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isten in English

Pooh banned in China

Published: 7.22.2017
Level 4   |   Time: 2:27
Accent: British
Source: BBC Global News Podcast (7.17.2017)

The famous cartoon bear, Winnie the Pooh, has been banned in China. But why?


You can download the file [ HERE ].


triangle Directions

  1. REVIEW the vocabulary.
  2. LISTEN to the audio.
  3. ANSWER the questions.
  4. CHECK your answers (Show Answers)

triangle Vocabulary

  • a century [n] - 100 years
  • Winnie the Pooh [n] - a fictional bear character [image]
  • Pooh Bear [n] - Winnie the Pooh
  • Tigger [n] - a fictional tiger character [image]
  • fallen foul [exp] - get into trouble
  • censors [n] - people who examine and remove unacceptable ideas from media (books, TV, movies, the Internet)
  • Xi Jingping [p] - the president of the China
  • Barak Obama [p] - the former president of the U.S.
  • dumby [adj] - chubby / a little fat
  • censor [v] - officially remove or delete something that is not acceptable
  • a run-up [n] - the time before an event
  • a congress [n] - a meeting
  • cut all references to [exp] - remove all mentions of
  • poking fun at [exp] - making fun of / teasing
  • social harmony [exp] - everyone works together and repsects each other
  • sense of humor [exp] - the ability to appreciate a joke
  • paranoia [n] - extreme fear

[n] - noun,  [p] - person,  [v] - verb,  [adj] - adjective,  [exp] - expression

triangle Questions

  1. How does the author describe Winnie the Pooh?
    not smart
    not kind
    not thin

  2. When was Winnie the Pooh created?
    about 50 years ago
    about 100 years ago
    about 150 years ago

  3. What has happened to Pooh in China?
    The character has been censored.
    The books have been recently translated to Chinese.
    The character is being made into a Chinese movie.

  4. When was the picture of Barak Obama and Xi Jinping taken?
    last month
    a few years ago
    in 2017

  5. Where was the picture of Barak Obama and Xi Jinping taken?
    the U.S.

  6. How does the woman describe Obama?

  7. How does the woman describe Xi Jinping?

  8. Who does Xi Jinping look like?
    Winnie the Pooh

  9. Who does Obama look like?
    Winnie the Pooh

  10. What is happening later this year?
    a party congress
    a cartoon festival
    an election

  11. The woman says that this incident shows...
    the creativity of Chinese people.
    the cruelty of Chinese people.
    the humor of Chinese people.

  12. Who used to talk about "social harmony" a lot?
    Xi Jinping
    Hu Jintao
    Barak Obama

  13. What does "harmonized" mean?
    loving cartoons
    going to jail

  14. Who is the man mentioned in question 12?
    the current president of China
    a previous president of China
    the Chinese ambassador to the U.S.

  15. The woman also says that this incident shows...
    the power of Chinese leaders.
    the extreme fear of Chinese leaders.
    the humor of Chinese leaders.

triangle Script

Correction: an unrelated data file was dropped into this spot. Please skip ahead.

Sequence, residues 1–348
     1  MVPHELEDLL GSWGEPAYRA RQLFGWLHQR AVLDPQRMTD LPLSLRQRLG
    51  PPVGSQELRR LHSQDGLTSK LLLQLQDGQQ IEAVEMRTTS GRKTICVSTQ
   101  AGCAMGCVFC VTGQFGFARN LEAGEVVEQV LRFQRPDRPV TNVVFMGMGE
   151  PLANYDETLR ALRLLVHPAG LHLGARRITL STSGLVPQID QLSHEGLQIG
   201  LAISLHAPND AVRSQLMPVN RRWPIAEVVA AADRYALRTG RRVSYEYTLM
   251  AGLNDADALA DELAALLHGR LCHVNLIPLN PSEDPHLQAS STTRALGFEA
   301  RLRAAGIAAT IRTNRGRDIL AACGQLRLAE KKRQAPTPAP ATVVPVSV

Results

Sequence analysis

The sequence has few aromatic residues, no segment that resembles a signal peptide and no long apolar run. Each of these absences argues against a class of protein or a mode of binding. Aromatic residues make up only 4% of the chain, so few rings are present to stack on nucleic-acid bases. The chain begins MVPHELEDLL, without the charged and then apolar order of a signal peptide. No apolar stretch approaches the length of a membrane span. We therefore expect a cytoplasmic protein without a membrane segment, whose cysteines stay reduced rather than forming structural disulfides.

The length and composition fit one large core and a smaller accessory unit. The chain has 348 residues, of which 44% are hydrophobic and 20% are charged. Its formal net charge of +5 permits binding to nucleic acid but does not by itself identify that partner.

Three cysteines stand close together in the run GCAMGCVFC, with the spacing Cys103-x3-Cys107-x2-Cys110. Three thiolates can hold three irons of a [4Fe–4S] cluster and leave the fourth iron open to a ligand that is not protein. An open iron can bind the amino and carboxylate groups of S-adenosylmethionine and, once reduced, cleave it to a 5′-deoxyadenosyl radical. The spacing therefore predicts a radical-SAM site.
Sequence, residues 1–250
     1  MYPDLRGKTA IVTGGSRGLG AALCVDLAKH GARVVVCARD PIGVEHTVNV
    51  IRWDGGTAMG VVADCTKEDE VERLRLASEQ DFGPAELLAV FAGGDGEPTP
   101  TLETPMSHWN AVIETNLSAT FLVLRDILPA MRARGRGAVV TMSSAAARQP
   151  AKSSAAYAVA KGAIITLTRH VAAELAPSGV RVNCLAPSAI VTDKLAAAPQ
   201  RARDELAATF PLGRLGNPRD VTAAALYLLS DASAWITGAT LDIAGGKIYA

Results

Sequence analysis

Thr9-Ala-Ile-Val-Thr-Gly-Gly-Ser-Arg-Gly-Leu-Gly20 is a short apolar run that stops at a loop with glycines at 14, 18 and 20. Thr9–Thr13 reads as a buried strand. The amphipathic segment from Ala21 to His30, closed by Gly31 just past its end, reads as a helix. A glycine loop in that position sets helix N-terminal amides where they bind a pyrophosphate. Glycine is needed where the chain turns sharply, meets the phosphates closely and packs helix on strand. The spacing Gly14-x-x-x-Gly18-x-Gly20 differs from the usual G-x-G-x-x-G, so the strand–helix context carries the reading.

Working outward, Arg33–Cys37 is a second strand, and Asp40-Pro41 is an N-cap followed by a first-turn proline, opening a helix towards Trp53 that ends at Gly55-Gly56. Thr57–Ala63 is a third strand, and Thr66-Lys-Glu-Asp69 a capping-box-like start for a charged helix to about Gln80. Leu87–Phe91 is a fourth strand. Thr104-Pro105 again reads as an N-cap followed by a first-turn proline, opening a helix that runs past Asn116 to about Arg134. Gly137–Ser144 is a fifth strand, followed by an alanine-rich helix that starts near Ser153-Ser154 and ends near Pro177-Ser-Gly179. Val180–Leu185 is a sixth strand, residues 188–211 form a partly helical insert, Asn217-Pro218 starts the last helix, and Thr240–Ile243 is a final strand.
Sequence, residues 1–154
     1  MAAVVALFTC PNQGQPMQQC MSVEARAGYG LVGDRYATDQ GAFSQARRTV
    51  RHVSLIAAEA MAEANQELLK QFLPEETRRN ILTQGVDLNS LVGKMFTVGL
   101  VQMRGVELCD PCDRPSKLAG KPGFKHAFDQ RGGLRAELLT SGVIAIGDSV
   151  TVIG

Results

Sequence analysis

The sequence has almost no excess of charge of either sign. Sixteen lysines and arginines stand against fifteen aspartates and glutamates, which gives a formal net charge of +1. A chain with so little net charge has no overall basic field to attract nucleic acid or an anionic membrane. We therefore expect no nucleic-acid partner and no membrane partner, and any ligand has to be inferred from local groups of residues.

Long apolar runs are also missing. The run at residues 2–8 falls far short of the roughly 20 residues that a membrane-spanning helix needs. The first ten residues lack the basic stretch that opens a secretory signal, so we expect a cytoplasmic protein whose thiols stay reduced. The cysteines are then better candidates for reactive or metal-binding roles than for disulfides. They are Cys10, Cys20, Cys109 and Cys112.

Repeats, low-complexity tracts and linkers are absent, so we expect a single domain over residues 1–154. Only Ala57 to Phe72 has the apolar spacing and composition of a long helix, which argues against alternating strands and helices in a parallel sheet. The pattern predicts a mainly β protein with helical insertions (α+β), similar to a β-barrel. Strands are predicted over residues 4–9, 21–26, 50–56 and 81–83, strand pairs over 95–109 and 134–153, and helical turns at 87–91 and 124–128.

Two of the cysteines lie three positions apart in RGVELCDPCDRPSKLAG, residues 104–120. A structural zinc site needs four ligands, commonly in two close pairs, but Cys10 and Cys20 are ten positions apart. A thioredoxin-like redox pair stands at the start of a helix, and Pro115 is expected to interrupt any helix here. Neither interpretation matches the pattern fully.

He's a bear of little brain but a big heart. Winnie the Pooh is one of the best loved fictional characters in children's literature in English. He was created almost a century ago by A.A. Miln. Here's an extract from the opening paragraph of the book.

Here is Edward Bear now, coming downstairs on the back of his head behind Christopher Robin.

It's the only way he knows of coming downstairs. But sometimes he feels that there really is another way if only he could stop bumping for a moment and think of it. And then he feels that perhaps there isn’t.

Well now it appears that Poo-Bear has fallen foul of China's censors. But why? A question for Michael Bristowe, our Asia-Pacific editor.

It seems an unusual story doesn't it. Why would Chinese censors be interested in such a cartoon character? It's because a few years ago when Xi Jinping, the leader of China, met Barack Obama in California. There was a picture of the two of them strolling across the lawn. President Obama was very tall and straight, and Xi Jinping although he's not a short person, he looked a lot shorter. He looks a little bit dumpy, and people instantly noticed there was a comparison between that photograph and one of Winnie the Pooh and his friend Tigger walking across a lawn together. Since then, jokes about Xi Jinping and his comparison to Winnie the Pooh have continued, and they've been censored previously. But now in the run up to a party congress later on this year when Chinese Leaders get very sensitive about Xi Jinping’s image, it seems the sensors have decided to cut all references to Winnie the Pooh again.

It seems strange that this western children's character should have come to their attention at all, and it's not the only time that he's come into trouble with the Chinese authorities.

I think it shows a couple of things. First of course is a sense of humor that Chinese people show. Often I come on here and I talk about China – either its human rights or the economy or something, but there's a great deal of humor in poking fun at Chinese leaders which goes back decades and decades. Often they have to be quite careful. There was a previous president, Hu Jintao, who was always talking about social harmony. So whenever a dissident would be arrested or put in jail, people would talk about that person being harmonized. And so there’s a great sense of humor. And also it shows a great paranoia of Chinese leaders that in the run up to a great political event they just don't want to take any chances by poking fun at the president.

That was Michael Berstein.

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